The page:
New report urges nations to use targeted sanctions to protect journalists

Thursday 13 February 2020

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A report published today by the High Level Panel of Legal Experts on Media Freedom recommends that governments, including signatories to the Global Pledge on Media Freedom, adopt targeted sanctions regimes to ensure that journalists, media professionals and others engaged in journalistic activities can carry out their work without harassment, intimidation, false imprisonment or violent attack.

Authored by Amal Clooney, barrister and Deputy Chair of the High Level Panel, the Report on the Use of Targeted Sanctions to Protect Journalists has been released amid an alarming number of attacks on journalists and media freedom. Statistics from the Committee to Protect Journalists (CPJ) show that more than 130 journalists and media workers were killed in the last two years, and in 2019, 250 journalists around the world were imprisoned ‘for their work’, including an increasing number for allegedly spreading ‘false news’.

Ms Clooney, commented: ‘Targeted sanctions are among the most effective tools in a government’s arsenal to enforce human rights obligations, including the obligation to respect free speech and protect the media. It is the hope of the Panel that governments will look to the recommendations in this report to curb human rights abuses and do more to protect journalists around the world.’

The report has been endorsed by the High Level Panel, the International Bar Association’s Human Rights Institute (IBAHRI) (Secretariat to the Panel), the CPJ, Reporters without Borders, PEN America, as well as the UN Special Rapporteur on Freedom of Expression, David Kaye. It examines the current state of media freedom abuses around the world and outlines the importance of sanctions as a tool to enforce human rights compliance. The report focuses on three sanctions-related issues in its analysis and recommendations that are most relevant in the context of the media, these include:

  • the appropriate scope of human rights abuses that should trigger the imposition of sanctions (what should be included);
  • the appropriate targets of a sanctions regime (who should be included); and
  • the appropriate triggering mechanisms for a targeted human rights sanctions regime (how it should be activated).

The existing systems of targeted sanctions within Canada, the European Union, the United Kingdom and the United States are reviewed and analysed in the report, which concludes with eleven recommendations, including:

  • States and multilateral institutions, such as the EU, should introduce or amend existing sanctions regimes so that they are global in scope and responsive to serious human rights abuses;
  • States should not limit sanctions to abuses involving a particular class of victims;
  • States should make clear either in sanctions legislation or policy that the unjust imprisonment of journalists meets the threshold for sanctions and that prosecutors and judges, as well as officials, may be sanctionable;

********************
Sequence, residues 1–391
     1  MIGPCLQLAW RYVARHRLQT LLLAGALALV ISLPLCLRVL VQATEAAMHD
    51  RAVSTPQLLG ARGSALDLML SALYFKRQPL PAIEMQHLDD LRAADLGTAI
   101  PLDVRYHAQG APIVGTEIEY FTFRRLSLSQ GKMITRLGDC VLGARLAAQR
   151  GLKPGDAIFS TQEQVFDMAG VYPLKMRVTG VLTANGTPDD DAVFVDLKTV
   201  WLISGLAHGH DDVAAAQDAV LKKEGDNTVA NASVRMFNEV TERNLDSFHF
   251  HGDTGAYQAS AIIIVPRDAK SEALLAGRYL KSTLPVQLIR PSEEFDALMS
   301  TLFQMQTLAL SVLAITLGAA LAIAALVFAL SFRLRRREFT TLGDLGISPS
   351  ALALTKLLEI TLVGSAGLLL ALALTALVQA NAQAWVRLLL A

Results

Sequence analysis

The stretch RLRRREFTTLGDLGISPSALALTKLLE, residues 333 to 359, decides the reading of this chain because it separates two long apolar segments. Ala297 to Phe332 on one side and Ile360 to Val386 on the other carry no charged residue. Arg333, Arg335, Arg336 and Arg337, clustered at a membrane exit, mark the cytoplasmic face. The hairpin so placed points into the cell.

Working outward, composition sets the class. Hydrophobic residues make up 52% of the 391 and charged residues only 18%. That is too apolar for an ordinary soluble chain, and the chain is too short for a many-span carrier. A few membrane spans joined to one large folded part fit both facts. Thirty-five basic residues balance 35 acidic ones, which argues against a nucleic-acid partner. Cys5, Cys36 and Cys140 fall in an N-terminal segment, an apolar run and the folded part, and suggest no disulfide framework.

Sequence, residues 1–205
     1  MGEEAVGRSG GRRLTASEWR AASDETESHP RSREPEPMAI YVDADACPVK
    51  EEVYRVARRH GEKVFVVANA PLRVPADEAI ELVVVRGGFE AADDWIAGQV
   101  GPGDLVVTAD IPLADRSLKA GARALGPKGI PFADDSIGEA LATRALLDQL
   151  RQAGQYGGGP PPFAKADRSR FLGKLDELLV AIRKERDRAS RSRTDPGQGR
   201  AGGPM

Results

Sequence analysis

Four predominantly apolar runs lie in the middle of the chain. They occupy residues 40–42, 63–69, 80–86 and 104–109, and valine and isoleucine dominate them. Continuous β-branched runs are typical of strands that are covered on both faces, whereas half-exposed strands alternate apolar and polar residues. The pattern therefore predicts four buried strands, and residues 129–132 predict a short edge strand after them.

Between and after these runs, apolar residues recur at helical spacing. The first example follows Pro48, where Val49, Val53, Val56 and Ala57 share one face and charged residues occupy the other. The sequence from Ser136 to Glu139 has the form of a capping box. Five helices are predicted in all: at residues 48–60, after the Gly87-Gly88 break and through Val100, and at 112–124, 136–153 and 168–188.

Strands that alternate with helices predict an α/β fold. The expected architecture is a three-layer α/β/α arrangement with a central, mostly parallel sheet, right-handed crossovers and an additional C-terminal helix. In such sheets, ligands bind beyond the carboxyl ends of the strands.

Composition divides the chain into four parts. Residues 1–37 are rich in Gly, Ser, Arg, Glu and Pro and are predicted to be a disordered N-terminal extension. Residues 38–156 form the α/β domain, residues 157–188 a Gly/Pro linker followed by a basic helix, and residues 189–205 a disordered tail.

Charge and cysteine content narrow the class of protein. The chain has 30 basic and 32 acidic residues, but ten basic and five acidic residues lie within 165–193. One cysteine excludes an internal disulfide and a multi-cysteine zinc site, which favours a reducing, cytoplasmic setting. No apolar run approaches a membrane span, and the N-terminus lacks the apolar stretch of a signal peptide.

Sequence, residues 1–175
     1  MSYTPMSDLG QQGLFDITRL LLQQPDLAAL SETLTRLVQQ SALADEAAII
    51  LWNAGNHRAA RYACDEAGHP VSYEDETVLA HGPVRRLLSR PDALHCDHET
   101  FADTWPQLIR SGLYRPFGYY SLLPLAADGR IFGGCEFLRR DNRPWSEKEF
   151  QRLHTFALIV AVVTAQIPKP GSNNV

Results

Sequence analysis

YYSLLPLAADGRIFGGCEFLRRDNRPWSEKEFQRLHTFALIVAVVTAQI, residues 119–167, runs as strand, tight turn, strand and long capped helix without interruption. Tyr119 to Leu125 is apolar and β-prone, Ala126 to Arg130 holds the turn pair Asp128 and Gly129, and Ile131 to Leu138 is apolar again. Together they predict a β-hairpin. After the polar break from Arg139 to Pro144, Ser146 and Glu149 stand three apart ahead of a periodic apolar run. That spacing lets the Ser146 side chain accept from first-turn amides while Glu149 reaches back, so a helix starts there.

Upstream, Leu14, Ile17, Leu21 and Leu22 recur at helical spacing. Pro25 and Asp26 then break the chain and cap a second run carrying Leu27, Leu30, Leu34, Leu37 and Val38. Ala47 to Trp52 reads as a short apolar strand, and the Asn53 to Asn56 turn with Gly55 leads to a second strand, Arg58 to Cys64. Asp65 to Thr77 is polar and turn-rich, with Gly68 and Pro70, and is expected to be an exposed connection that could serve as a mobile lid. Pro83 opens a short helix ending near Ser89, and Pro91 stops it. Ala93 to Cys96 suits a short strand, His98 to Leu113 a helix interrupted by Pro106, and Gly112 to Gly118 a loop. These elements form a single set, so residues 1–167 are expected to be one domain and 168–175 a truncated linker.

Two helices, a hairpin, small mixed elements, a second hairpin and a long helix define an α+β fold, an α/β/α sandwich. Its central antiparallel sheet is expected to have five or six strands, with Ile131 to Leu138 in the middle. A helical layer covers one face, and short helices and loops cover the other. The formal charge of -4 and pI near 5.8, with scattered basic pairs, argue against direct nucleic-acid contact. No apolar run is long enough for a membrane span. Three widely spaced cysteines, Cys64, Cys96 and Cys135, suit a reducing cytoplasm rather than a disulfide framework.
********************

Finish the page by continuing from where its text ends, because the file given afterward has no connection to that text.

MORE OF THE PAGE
• Sanctions should be used to respond to serious systemic restrictions on media freedom, including shutdowns of the internet;
  • States should ensure that sanctions can be applied to non-state actors, including companies;
  • States should ensure that sanctions can be applied to secondary participants, including those complicit in the abuses; and
  • States should provide a role for an expert committee that is independent of the executive branch of government in determining targets for sanctions.

The High Level Panel of Legal Experts on Media Freedom is an independent body convened at the request of the Governments of the United Kingdom and Canada in July 2019. The remit of the Panel is to provide recommendations to governments on how better to protect journalists and address abuses of media freedom in line with international human rights law.

The Panel is chaired by The Rt Hon Lord Neuberger of Abbotsbury, former President of the UK Supreme Court, who stated: ‘A robust and free press is critical to the functioning of a healthy democracy and ensuring human rights around the world. Unfortunately, journalists in every corner of the globe today are facing threats to their freedom and to the ability to do their work. Targeted sanctions offer a powerful enforcement mechanism to address these human rights abuses.’

The publication of the report was marked by a launch event on Thursday 13 February 2020, which brought together Ministers, policy makers, press and thought leaders to discuss the findings and recommendations of the Report on the Use of Targeted Sanctions to Protect Journalists. Organised by the IBAHRI, the event was hosted at Chatham House, 10 St James's Square, London SW1Y 4LE, UK from 1230 to 1345.

Footage of the event will be posted to the IBA website, www.ibanet.org, in due course.


Notes to the Editor

  1. Ms Clooney also serves as the UK Special Envoy on Media Freedom.
  2. The International Bar Association (IBA), the global voice of the legal profession, is the foremost organisation for international legal practitioners, bar associations and law societies. Established in 1947, shortly after the creation of the United Nations, it was born out of the conviction that an organisation made up of the world's bar associations could contribute to global stability and peace through the administration of justice.

    The International Bar Association’s Human Rights Institute (IBAHRI), an autonomous and financially independent entity, works to promote, protect and enforce human rights under a just rule of law, and to preserve the independence of the judiciary and the legal profession worldwide.

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